Sensory feedback and Prosthesis Control in Upper-limb Amputees

Amputation of the upper extremity causes severe and permanent disability, because the hand plays a central role in our ability to explore and interact with the outside world. Strategies to replace a missing rely on replacing the extremity with an artificial equivalent. The most promising approach relies on the use of motorized prosthetic limbs which can be controlled by the wearer’s muscular activity, resulting in a relatively intuitive control interface. Such myoelectric prostheses can lead to encouraging gains in autonomy and quality of life, but remain riddled with various types of limitations. One of the major features which has yet to be implemented in a commercial system is the ability for prosthesis wearers to feel what the artificial limb is touching or how it is moving. Restoring meaningful sensory feedback is a challenging endeavor, which involves interfacing an artificial, electronic system with the nervous system in order to convey information.

Prosthesis control

Powered myoelectric prostheses have the potential to restore mobility to amputees by predicting their hand movements from their remaining arm muscles. However, current off-the-shelf prostheses still employ very crude methods of control, often only allowing one degree of freedom (ex. Opening or closing of the hand). We previously demonstrated successful real-time classification of five hand movement types from surface electromyography (EMG): rest, ulnar grasp (flexion of the ring and pinky fingers), pinch grasp (flexion of the thumb, index and middle fingers), full hand grasp (flexion of all digits) and hand opening (Raspopovic et al., 2014). Figure 1 shows the experimental setup of a subject controlling movements of a robotic prosthesis using surface EMGs.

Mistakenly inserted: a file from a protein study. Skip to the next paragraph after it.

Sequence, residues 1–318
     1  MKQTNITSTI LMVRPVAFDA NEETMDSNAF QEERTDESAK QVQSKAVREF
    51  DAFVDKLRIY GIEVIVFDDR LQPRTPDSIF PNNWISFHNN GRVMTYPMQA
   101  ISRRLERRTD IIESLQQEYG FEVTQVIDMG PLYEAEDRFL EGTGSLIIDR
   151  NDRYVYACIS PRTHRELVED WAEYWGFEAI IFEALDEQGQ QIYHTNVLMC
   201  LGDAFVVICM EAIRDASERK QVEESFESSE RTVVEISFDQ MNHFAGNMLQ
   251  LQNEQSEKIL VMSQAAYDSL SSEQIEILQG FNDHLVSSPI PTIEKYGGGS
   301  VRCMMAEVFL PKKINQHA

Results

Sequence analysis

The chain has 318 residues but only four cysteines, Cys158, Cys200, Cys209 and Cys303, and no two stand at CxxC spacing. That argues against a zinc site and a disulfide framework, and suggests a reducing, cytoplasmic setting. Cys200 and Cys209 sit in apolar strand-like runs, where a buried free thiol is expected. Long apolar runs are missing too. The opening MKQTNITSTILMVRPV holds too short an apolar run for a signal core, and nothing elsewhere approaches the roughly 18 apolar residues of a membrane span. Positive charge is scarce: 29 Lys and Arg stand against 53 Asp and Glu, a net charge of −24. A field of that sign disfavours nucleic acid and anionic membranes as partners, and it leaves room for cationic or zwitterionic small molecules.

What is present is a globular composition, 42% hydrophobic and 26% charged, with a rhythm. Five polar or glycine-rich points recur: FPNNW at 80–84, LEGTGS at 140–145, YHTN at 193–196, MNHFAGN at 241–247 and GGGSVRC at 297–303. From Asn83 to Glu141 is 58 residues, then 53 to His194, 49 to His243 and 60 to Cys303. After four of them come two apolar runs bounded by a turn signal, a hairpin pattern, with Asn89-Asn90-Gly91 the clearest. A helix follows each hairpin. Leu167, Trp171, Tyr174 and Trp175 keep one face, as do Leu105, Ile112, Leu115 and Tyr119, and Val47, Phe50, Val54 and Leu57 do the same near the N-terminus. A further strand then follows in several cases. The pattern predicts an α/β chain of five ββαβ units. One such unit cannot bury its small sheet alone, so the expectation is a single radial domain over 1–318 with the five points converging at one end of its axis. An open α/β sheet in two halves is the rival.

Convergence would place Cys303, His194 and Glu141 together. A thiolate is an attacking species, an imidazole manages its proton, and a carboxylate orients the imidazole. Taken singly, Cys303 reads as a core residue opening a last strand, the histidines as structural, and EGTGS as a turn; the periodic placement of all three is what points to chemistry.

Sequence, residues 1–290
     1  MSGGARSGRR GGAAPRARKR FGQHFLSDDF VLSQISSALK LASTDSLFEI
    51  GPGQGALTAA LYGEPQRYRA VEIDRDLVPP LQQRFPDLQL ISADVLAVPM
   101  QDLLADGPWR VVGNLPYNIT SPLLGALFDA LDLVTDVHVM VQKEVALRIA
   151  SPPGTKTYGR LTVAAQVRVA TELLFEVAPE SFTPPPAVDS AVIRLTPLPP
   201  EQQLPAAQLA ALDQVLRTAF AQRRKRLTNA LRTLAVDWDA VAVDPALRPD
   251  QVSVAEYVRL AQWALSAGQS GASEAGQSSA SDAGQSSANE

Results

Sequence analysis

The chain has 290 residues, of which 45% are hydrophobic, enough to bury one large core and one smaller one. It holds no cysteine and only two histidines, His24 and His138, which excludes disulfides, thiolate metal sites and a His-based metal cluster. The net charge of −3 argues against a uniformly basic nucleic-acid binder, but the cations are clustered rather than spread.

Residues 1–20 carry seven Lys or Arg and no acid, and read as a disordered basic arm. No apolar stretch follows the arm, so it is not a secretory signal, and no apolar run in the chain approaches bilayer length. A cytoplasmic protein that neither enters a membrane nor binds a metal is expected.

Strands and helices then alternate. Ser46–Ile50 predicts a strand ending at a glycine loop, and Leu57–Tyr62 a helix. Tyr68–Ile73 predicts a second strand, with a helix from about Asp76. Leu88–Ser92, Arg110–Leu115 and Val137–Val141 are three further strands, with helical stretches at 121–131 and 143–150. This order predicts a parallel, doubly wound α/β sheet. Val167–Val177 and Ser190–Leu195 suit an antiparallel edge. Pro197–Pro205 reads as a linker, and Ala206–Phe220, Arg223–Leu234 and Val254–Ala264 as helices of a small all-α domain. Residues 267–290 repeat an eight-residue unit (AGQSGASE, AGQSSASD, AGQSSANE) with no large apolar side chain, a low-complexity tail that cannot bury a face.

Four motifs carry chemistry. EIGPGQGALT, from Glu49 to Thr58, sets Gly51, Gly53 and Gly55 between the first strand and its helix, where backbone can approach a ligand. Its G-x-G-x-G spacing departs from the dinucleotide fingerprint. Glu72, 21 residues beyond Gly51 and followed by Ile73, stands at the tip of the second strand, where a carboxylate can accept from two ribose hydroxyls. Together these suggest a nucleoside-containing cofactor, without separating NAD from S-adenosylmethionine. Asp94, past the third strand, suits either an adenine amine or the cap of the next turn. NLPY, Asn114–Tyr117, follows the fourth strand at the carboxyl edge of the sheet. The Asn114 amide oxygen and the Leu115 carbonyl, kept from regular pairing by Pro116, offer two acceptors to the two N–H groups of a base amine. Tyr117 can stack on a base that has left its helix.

We are now investigating the possibility of decoding single finger movements proportionally from the surface EMG signal. To do this, we employ a multi-layer perceptron (MLP) to decode joint angles from each finger and actuate a virtual hand with the prediction results (Figure 2a). We are also implementing a “hybrid” controller gives the user some robotic assistance for object grasping (Figure 2b). We hypothesize that the assistance can improve grasp stability and lessen the effort of the user.

Sensory feedback

We previously demonstrated a successful strategy for restoring tactile sensations in upper-limb amputees using intraneurally implanted electrodes (Raspopovic et al., 2014). Despite this success, long-term implant stability and exploitability remains an area of active research. Recently, we concluded a long-term study with two amputees, providing the first demonstration of long-term stability and functional exploitability of transversal intraneural multi-electrode arrays (TIMEs) (Petrini et al., under consideration). Figure 1 shows the presence of rapid changes in the first two months (acute phase), followed by a plateau in terms of electrode impedance and number of functional active sites, offering evidence that this stability could be maintained for longer periods.